Doctors calculate your due date from the first day of your last period. So in week 1 you’ll still be having your period.
Ovulation usually happens at the end of week two. An egg is released from the ovaries into the fallopian tubes, where it is fertilised.
By now your egg has been implanted with sperm, and it’s possible that you could see a tiny bit of spotting – known as implantation bleeding.
You may experience a change in your sense of taste and you might start craving particular foods, or suddenly dislike things such as alcohol or coffee.
Already the heart begins to beat and on an ultrasound you can differentiate between the head and the tail.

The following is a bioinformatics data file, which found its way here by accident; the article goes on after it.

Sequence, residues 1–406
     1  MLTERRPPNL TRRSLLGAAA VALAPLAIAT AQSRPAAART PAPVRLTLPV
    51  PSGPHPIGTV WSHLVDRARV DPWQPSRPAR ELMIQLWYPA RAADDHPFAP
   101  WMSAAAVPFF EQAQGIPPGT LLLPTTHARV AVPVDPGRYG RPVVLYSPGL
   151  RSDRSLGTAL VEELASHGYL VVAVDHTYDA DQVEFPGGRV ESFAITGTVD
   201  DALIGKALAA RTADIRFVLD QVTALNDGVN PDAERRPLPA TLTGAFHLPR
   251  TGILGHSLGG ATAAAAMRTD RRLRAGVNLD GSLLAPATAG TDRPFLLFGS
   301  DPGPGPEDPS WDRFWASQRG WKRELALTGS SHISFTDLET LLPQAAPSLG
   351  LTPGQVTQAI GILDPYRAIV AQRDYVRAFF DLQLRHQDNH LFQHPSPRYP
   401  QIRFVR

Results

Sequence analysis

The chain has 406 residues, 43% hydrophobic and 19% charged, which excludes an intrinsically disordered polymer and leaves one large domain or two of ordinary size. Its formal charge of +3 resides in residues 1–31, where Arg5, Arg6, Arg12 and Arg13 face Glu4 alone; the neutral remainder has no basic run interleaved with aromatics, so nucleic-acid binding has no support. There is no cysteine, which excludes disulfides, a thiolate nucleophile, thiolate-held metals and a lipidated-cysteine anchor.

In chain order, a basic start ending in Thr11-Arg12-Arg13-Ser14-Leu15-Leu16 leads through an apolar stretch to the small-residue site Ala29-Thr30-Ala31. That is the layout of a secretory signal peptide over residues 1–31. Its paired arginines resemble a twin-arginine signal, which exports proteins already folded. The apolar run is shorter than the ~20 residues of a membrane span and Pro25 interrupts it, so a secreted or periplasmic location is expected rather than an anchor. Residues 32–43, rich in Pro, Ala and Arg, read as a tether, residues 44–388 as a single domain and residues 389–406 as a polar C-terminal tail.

By the end of the week your baby will be 4-6 mm Crown to Rump (CR) – about the size of a small bean.
The ears, eyes, nose and internal organs are developing and the baby is moving about in the amniotic sac.
You produce more blood during pregnancy. This and an increase in hormones can cause you to see bleeding gums occasionally.
Facial features such as the nose and mouth are developing, but the eyelids will be closed until around 27 weeks.
All the vital organs such as the kidneys, liver and lungs, are now in place and begin to grow and develop rapidly.